I love to travel and see new places, smell new smells and try to get the ‘vibe’ that any particular location is sending out. With that in mind, I also try to capture that ‘vibe’ visually with a camera. Memories fail; cameras record the sight as you see it. I can look back through an album (or folder) of photos and take a mental trip back to that unique time.
With digital cameras and storage, it’s easier than ever to take a trip back in time and relive a vacation or family event. I have a very small family that’s spread out, so most of my photos are of things and places.
I try to use the best camera that I can comfortably travel with. I also will admit that I don’t carry a camera with my every where I go when I’m at home. It’s a habit that I need to start enforcing.
But back to travel photography. I have two different modes of taking images while on the road. I’ll either do the quick informal shots to record a scene or I’ll get serious and take my time, try different exposures and try to capture the mood of the moment.
Take this photo at the left. There’s a lot of ways to shoot a portrait of a sculpture, just like there to shoot a portrait of your friend. What I tried to do here was capture what was unique to me about this particular piece. The sculpture (Adams Memorial in the National Gallery) was at the end of the hallway and looked lonely, even from a distance. Getting closer I could see the despair and anguish in the artwork.
I went back down the hall and lined my shot to be a square on shot with the window framing the sculpture. I included more space to allow me to later crop and include more of the floor leading up to the subject. The lighting is a combination of the museum lights and the dull sky outside. They combine to give a soft glow.
Later on in Photoshop, I converted it to black and white and gave it a subtle blue tint to make the image a little ‘cooler’. I did some final crops, added some sharpness and was done.
I took some other images of this artwork closer in, but the results don’t give me the same feeling when I look at them. When I look at this image, I’m taken back the hallways of the National Gallery and seeing this lonely figure at the end of the hallway.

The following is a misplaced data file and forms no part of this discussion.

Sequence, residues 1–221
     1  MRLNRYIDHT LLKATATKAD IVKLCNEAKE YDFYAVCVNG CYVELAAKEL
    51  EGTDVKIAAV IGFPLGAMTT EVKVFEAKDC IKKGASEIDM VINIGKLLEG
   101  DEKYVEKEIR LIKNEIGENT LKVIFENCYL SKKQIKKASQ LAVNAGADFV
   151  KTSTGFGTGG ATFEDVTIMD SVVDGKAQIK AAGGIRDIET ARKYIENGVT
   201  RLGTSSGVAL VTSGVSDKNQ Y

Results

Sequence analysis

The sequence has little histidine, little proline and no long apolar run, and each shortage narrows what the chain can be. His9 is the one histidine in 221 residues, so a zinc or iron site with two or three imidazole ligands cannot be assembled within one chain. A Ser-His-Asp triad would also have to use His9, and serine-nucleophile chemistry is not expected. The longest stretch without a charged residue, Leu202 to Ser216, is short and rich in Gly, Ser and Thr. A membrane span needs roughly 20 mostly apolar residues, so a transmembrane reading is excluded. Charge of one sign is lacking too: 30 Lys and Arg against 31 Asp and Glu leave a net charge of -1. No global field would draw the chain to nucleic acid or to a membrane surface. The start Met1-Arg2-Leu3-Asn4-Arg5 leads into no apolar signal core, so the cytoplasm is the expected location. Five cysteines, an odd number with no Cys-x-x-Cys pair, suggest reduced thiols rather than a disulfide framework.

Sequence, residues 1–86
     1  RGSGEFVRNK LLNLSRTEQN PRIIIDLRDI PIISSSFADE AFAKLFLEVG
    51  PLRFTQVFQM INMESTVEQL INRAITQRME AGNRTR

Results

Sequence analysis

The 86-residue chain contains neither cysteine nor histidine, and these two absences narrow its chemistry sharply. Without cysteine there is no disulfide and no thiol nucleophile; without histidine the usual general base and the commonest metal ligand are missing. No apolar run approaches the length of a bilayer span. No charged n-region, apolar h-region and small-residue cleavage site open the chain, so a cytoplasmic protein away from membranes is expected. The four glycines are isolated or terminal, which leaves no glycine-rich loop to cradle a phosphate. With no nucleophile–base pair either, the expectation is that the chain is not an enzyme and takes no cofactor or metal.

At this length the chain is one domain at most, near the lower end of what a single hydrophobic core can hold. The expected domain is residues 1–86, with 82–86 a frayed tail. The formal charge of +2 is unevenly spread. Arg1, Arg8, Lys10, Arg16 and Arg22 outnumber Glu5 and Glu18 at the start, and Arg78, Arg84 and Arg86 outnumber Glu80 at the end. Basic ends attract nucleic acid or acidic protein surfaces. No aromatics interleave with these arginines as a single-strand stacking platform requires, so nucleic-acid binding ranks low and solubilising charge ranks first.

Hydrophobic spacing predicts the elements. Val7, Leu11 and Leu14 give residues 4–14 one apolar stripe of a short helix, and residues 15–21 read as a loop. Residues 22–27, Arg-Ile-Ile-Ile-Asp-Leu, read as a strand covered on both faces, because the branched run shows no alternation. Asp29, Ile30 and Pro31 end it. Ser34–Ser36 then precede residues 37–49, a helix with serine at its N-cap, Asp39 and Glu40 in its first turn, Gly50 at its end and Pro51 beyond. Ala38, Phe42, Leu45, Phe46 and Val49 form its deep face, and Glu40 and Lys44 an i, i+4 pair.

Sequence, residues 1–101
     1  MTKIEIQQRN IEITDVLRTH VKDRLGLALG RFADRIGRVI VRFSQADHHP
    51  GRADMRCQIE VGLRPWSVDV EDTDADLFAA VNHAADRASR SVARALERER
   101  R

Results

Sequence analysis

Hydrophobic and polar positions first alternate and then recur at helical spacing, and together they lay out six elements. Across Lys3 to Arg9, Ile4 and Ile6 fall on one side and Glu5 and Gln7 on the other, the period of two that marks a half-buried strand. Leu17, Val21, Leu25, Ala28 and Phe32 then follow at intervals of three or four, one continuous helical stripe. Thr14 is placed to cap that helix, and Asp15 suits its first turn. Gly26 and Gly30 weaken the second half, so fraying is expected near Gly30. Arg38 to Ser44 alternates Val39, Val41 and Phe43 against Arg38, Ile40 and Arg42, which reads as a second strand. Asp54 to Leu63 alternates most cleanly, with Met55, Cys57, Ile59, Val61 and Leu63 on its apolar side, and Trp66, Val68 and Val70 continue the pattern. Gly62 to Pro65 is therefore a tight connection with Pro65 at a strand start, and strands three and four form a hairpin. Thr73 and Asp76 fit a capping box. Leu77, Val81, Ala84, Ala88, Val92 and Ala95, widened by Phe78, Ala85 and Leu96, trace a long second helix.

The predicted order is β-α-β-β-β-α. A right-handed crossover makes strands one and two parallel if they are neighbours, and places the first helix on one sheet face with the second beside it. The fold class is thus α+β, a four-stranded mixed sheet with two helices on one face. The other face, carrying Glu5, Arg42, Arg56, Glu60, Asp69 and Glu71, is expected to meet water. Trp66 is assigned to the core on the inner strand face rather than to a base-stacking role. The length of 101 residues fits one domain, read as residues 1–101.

Here’s an older photo from 1997. I shot this on film and then scanned the negative to get the digital file. I took this in Ostia Antica near Rome. This day started out as one of my favourite photography days ever. It began in Ostia and by sunset I was at the Coliseum waiting for the perfect light, and then I shot a lot of Rome’s landmarks by night.
I was as Ostia in the morning and had the place to myself. Imagine this photo with 100 tourists standing in the way. I took a lot of photos (for film) and this one ended up being my favourite of the day. The stones are actually a Roman road that has been in place for over 1500 years. In the background are some of the ruins that are common in this area. At the very back are some pines trees and finally a bright blue sky. All of these elements add up to remind me of what this morning was like. The history, no crowds, the ruins – all on a beautiful day.
Believe it or not, this photo of a heron made me fall in love with Florida. This was my second time there and I was staying the Palm Beach area. I decided to use some spare time from work and check out a nearby state park. I walked around and found all kinds of birds and alligators. I had a great time just walking about the park looking at some amazing wildlife. After a while, I found this great blue heron and he (she?) just ignored me as I took a photo, stepped closer, took a photo, stepped closer, etc.
I got close enough to nicely frame this bird and took the final, keeper shot. From that point on, I was hooked on Florida and I also found the joy that people get from shooting birds.
Since this shot was taken I’ve been to Florida a couple of more time for work. Each day I’m there I look for the nearest state park and plan my time accordingly. Without a camera and without a few photos like this I might not have the same motivations that I do now. I’m shooting more birds back home now as well.
So there’s three different travel photos, each with a different vibe. First was the emotion of artwork. Second was the sense of history and finally the draw of nature, all contained in three images.
This post has also not mentioned one single camera setting. With each of this photos I don’t care what setting was setting was used. I did at the time to get the best exposure, but any camera can capture a slice of your history on automatic. Cameras are welcome (and seen) almost everywhere these days so take yours with you and enjoy the memories down the road.
Thanks for reading,
Ok, small rant: I see so many people recording very special times on some of the worst digital cameras and phones these days. It’s better than nothing, I guess. Maybe it’s the camera salesman coming out in me, but there is no reason not to have a small, decent, affordable camera with these days. <end rant>